"You always get calls," Rachel said. "You've got to admit that's strange."
Her father hesitated. "We can't just leave. We've spent a lot of money."
"Look," Rachel said. "Daddy . . . Percy needs me. I have to deliver a message. It's life or death."
"What message? What are you talking about?"
"I can't tell you.
"Then you can't go."
Rachel closed her eyes like she was getting up her courage. "Dad . . . let me go, and I'll make a deal with you."
Mr. Dare sat forward. Deals were something he understood. "I'm listening."
"Clarion Ladies Academy. I'll—I'll go there in the fall. I won't even complain. But you have to get me back to New York right now."
He was silent for a long time. Then he opened his phone and made a call.
"Douglas? Prep the plane. We're leaving for New York. Yes . . . immediately."
Rachel flung her arms around him, and her father seemed surprised, like she'd never hugged him before.
"I'll make it up to you, Dad!"
He smiled, but his expression was chilly. He studied her like he wasn't seeing his daughter—just the young lady he wanted her to be, once Clarion Academy got through with her.
"Yes, Rachel," he agreed. "You most certainly will."
The scene faded. I mumbled in my sleep: "Rachel, no!"
I was still tossing and turning when Thalia shook me awake.
"Percy," she said. "Come on. It's late afternoon. We've got visitors."
I sat up, disoriented. The bed was too comfortable, and I hated sleeping in the middle of the day.
"Visitors?" I said.
Thalia nodded grimly. "A Titan wants to see you, under a flag of truce. He has a message from Kronos."
A TITAN BRINGS ME
We could see the white flag from half a mile away. It was as big as a soccer field, carried by a thirty-foot-tall giant with bright blue skin and icy gray hair.
"A Hyperborean," Thalia said. "The giants of the north. It's a bad sign that they sided with Kronos. They're usually peaceful."
"You've met them?" I said.
"Mmm. There's a big colony in Alberta. You do not want to get into a snowball fight with those guys."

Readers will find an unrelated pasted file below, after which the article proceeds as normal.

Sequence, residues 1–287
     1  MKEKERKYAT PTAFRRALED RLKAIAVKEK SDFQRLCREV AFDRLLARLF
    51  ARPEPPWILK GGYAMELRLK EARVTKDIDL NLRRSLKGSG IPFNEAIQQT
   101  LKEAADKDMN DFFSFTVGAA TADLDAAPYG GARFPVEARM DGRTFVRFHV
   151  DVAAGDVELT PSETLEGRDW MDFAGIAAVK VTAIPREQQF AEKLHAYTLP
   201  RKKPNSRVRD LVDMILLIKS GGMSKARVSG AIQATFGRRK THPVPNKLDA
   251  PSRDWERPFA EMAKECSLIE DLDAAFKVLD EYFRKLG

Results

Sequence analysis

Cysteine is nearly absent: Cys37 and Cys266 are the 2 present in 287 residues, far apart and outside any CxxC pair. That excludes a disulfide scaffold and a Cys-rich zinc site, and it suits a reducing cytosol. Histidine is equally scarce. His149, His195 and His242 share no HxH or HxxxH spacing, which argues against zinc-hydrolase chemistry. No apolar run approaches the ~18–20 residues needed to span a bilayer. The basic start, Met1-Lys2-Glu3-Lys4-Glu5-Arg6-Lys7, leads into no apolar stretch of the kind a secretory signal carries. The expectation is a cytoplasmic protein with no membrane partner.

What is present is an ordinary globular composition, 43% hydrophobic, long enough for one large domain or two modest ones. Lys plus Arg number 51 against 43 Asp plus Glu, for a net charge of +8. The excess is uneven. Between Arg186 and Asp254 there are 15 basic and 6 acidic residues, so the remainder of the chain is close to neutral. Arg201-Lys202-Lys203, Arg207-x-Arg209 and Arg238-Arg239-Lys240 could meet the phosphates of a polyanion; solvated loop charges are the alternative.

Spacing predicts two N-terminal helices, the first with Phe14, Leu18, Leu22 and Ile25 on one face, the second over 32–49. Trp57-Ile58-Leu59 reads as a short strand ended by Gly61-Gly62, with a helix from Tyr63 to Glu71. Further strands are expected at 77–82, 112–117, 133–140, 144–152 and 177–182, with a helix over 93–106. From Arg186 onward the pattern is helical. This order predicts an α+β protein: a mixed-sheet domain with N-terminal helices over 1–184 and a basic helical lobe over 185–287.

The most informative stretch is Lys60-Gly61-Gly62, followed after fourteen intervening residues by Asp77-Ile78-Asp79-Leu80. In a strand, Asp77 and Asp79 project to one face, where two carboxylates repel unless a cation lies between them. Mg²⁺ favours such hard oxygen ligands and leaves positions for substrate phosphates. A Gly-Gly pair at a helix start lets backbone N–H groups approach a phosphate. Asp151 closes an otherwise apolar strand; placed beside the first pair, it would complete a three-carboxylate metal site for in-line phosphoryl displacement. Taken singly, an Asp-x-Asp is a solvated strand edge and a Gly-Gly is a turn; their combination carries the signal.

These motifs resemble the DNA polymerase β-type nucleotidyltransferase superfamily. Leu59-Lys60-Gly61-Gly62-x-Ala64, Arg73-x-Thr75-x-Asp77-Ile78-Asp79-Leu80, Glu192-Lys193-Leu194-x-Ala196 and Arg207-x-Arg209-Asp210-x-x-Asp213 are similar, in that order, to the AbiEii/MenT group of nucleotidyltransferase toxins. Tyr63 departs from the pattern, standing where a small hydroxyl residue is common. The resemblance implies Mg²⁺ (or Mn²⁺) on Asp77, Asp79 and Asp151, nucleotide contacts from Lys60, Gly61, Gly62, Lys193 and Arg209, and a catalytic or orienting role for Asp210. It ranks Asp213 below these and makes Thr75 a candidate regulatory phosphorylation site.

As the giant got closer, I could see three human-size envoys with him: a half-blood in armor, an empousa demon with a black dress and flaming hair, and a tall man in a tuxedo. The empousa held the tux dude's arm, so they looked like a couple on their way to a Broadway show or something—
except for her flaming hair and fangs.
The group walked leisurely toward the Heckscher Playground. The swings and ball courts were empty. The only sound was the fountain on Umpire Rock.
I looked at Grover. "The tux dude is the Titan?"
He nodded nervously. "He looks like a magician. I hate magicians. They usually have rabbits."
I stared at him. "You're scared of bunnies?"
"Blah-hah-hah! They're big bullies. Always stealing celery from defenseless satyrs!"
"What?" Grover demanded.
"We'll have to work on your bunny phobia later," I said. "Here they come."
The man in the tux stepped forward. He was taller than an average human—about seven feet. His black hair was tied in a ponytail. Dark round glasses covered his eyes, but what really caught my attention was the skin on his face. It was covered in scratches, like he'd been attacked by a small animal—a really, really mad hamster, maybe.
"Percy Jackson," he said in a silky voice. "It's a great honor."
His lady friend the empousa hissed at me. She'd probably heard how I'd destroyed two of her sisters last summer.
"My dear," Tux Dude said to her. "Why don't you make yourself comfortable over there, eh?"
She released his arm and drifted over to a park bench.